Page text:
Thousands of gallons of liquid whey, a dairy by-product used as a feed supplement for the pigs, leaked twice in eight days from a 26,000-gallon tank on Ringler’s farm, which is recognized as a concentrated animal feeding operation (CAFO) and monitored by the state. The whey entered the farm’s drainage system and flowed into the west branch of

Alum Creek where it reduced dissolved oxygen levels.

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The competition for 2011 acres has started for corn and soybeans

There are three issues that are important for corn and soybeans as they compete for acreage in 2011, said University of Illinois agricultural economist Darrel Good.

“First, there’s the question of how many acres of these crops are needed to meet consumption needs at ‘reasonable’ prices. Second, how many acres are available for planting of all crops in 2011? Third, what is the likely strength of competition from other crops?” he said.

According to Good, planted acreage of corn in 2010 in the United States totaled 88.222 million acres, 1.74 million more than planted in 2009, but 5.305 million fewer than planted in 2007.  Planted acreage of soybeans in 2010 was a record 77.714 million, 263,000 more than planted in 2009.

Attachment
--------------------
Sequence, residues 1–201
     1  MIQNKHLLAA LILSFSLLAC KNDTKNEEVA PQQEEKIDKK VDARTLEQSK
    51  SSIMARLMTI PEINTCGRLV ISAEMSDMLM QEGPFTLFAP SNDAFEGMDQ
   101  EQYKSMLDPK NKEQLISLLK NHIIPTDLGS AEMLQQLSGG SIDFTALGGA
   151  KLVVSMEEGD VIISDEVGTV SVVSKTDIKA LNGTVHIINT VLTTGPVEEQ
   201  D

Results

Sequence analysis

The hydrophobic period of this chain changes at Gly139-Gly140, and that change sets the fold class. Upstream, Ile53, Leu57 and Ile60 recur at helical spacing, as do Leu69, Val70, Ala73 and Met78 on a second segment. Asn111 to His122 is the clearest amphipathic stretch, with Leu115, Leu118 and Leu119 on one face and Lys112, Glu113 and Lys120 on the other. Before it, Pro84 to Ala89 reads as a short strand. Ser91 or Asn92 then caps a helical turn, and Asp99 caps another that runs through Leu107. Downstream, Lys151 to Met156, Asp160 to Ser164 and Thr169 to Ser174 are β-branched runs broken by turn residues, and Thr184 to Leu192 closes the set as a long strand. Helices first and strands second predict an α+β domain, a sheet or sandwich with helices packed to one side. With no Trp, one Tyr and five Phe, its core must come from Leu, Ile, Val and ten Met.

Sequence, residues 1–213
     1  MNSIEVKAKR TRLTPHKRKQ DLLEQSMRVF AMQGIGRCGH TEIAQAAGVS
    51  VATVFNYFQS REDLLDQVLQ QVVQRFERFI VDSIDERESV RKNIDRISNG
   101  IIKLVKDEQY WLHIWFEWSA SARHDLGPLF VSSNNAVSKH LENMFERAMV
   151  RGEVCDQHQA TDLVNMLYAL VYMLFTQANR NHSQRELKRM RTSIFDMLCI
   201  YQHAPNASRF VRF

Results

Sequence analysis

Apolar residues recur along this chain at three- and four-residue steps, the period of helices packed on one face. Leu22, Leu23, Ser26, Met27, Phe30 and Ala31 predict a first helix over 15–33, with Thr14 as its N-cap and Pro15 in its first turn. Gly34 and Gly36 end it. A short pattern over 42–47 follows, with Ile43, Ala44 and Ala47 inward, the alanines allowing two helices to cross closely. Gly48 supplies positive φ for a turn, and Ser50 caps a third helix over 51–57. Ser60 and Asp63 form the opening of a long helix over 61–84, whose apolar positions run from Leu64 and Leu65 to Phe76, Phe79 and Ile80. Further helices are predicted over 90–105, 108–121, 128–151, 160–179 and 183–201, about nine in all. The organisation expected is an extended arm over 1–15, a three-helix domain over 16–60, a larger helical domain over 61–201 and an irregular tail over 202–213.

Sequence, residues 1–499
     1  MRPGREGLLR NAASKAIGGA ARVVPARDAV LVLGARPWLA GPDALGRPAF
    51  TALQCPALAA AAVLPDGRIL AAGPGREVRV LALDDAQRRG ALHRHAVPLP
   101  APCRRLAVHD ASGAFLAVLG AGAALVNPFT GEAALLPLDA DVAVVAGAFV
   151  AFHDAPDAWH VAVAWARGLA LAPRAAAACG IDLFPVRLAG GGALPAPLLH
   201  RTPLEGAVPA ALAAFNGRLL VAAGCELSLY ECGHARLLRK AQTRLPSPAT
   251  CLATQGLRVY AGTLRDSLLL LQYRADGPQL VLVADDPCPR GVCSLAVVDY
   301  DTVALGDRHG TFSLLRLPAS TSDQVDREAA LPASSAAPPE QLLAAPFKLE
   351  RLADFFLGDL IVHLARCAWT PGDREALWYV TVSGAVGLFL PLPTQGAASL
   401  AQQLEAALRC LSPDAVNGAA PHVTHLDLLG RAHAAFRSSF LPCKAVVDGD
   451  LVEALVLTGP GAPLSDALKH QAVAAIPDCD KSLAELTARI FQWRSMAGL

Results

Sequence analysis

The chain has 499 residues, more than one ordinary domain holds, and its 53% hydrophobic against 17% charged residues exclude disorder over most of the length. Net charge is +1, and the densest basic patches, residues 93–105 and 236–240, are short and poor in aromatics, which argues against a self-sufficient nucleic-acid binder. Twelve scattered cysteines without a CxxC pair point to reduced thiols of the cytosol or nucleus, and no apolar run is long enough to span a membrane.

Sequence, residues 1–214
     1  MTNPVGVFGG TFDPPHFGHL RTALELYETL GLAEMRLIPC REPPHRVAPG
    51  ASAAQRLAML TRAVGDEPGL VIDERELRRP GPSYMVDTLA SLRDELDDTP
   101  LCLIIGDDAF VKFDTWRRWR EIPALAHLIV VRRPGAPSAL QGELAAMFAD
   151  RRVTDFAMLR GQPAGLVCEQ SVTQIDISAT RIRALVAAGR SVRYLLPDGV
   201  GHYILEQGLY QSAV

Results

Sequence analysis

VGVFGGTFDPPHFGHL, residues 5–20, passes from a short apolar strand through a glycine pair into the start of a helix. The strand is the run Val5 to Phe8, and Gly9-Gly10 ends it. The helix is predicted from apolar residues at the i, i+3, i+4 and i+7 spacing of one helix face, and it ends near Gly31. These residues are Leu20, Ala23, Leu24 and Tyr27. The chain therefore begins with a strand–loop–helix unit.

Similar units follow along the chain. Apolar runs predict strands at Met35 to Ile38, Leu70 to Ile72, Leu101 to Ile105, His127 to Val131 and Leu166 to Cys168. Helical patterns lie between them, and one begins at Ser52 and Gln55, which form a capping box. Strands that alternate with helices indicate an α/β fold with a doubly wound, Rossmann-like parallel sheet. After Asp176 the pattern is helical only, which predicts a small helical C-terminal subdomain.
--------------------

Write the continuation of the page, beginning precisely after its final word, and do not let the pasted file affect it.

“Acreage of all crops was about 2 million less than planted in 2009. Although the mix of crops changed from 2009 to 2010, the overall decline reflected a reduction of about 2.3 million acres of double-cropped soybeans.

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Harvest progress from “Between the Rows”

Nationally corn harvest is 83% harvested compared to only 49% for the average year.  The soybeans are 91% harvested and the average pace should be only 72% complete.  Winter wheat is 88% planted and 64% emerged.  The first crop condition for wheat is at 41% good and 6% excellent and there is 39% in the fair category, according to the USDA’s National Agricultural Statistics Service.

Ohio ooybean harvest is at 89% complete, up 20% from last year and up 13% from the average pace. Winter wheat is said to be 90% planted and 59% has emerged which is 8% ahead of the average for the state.  Most if not all of Ohio could use a good rain for the wheat crop.